We have not researched the mechanics and speed of the Sul position and we have not specifically researched the double-direction motion of bringing the gun off target and then back up on target to shoot. However, our research does shed some light on this issue.


We have found that any bi-directional motion (such as down-off target, back up-on target) is always up to twice as time expensive as a simple uni-directional motion (such as just coming onto target from a tactical low-ready position).


But–the time involved can be significantly reduced…very likely cut in half with proper training and practice. Still, given equal training and practice, a uni-directional movement will inevitably be faster for the average officer. In other words, your training decision, based on what is known to date, makes sense.


We plan to explore the biomechanics of various ready positions more thoroughly next year and will specifically investigate the stances and movements you mention. We also want to study whether training can overcome the tendency to come off target to verify a threat.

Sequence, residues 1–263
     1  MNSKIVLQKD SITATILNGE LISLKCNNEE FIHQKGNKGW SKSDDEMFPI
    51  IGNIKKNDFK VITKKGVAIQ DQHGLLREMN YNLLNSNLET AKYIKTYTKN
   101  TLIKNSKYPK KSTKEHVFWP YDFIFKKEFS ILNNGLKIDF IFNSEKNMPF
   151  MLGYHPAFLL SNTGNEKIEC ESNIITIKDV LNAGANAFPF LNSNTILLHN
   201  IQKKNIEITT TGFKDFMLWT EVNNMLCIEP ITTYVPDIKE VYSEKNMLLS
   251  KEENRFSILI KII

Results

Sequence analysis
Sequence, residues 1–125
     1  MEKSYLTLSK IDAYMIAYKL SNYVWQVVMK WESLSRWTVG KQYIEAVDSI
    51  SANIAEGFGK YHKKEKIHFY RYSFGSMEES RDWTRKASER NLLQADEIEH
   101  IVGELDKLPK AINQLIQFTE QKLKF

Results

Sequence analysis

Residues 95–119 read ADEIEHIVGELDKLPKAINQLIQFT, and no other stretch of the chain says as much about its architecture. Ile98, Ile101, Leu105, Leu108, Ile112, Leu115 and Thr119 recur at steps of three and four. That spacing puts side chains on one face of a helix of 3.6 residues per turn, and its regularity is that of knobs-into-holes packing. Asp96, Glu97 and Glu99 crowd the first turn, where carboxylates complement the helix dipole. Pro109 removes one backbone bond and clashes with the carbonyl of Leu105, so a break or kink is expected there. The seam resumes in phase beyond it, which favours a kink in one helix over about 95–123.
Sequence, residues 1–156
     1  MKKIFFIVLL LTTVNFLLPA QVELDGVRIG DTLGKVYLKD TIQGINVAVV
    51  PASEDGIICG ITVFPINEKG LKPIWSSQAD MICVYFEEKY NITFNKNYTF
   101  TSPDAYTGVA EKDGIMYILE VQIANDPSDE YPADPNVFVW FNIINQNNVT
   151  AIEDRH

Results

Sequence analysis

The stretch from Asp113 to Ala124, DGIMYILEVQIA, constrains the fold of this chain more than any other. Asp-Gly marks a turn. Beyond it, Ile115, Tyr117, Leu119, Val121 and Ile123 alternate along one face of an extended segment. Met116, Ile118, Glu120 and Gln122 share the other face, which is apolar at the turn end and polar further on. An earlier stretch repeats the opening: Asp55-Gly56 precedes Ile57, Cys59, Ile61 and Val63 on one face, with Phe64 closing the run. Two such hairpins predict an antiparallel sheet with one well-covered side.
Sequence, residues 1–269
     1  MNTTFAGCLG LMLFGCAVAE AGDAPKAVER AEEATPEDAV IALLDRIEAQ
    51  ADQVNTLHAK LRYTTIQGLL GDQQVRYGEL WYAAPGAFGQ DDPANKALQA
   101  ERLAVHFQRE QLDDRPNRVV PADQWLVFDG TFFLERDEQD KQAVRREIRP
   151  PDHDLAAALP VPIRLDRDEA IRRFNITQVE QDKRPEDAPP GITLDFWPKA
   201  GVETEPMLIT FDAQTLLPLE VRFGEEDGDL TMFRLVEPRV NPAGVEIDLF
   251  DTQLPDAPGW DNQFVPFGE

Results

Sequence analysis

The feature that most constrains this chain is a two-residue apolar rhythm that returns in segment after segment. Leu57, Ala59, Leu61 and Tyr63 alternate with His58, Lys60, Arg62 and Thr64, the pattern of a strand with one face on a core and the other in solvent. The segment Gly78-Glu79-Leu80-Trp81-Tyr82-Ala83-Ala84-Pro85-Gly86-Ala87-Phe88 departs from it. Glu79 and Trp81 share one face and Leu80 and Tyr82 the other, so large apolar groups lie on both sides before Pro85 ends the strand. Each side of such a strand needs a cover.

Traumatic stress [see FSN Transmission #5, 11/11/04] is hardly ever covered in correctional training, yet correctional officers need this type of information even more because of the people they face every day. Our officers don’t usually carry any weapons other than their brain and deal with gangs, fights, cell entries, riots–all with people who always have some type of weapon. They also see more stabbings and assaults in their career than most police officers.


After facing an inmate with a weapon, all the CO is expected to do is fill out a report in most cases. After riots and life-and-death disturbances, most care is given to hostages, which it should be, BUT help is never offered to those who quelled the situation and might have had to shoot or injure staff or inmates.


I addressed this in talks after the last riot I was in as the captain in charge of the assault unit and was told not to get into that subject. I was also a trainer for our Correctional Academy for many years and they didn’t want much said about traumatic stress and how to deal with it, as it might scare the students. I hope the Force Science Research Center will not forget correctional staff concerns in this matter.


Jerry Elliott

Capt. (Ret.), Wisconsin Correctional System